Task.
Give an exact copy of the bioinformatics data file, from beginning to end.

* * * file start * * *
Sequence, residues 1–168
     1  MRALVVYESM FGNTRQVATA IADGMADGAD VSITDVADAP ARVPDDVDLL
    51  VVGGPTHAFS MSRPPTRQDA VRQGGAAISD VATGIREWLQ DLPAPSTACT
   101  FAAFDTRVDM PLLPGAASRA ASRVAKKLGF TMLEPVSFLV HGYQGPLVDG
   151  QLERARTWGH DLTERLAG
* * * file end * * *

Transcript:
Sequence, residues 1–168
     1  MRALVVYESM FGNTRQVATA IADGMADGAD VSITDVADAP ARVPDDVDLL
    51  VVGGPTHAFS MSRPPTRQDA VRQGGAAISD VATGIREWLQ DLPAPSTACT
   101  FAAFDTRVDM PLLPGAASRA ASRVAKKLGF TMLEPVSFLV HGYQGPLVDG
   151  QLERARTWGH DLTERLAG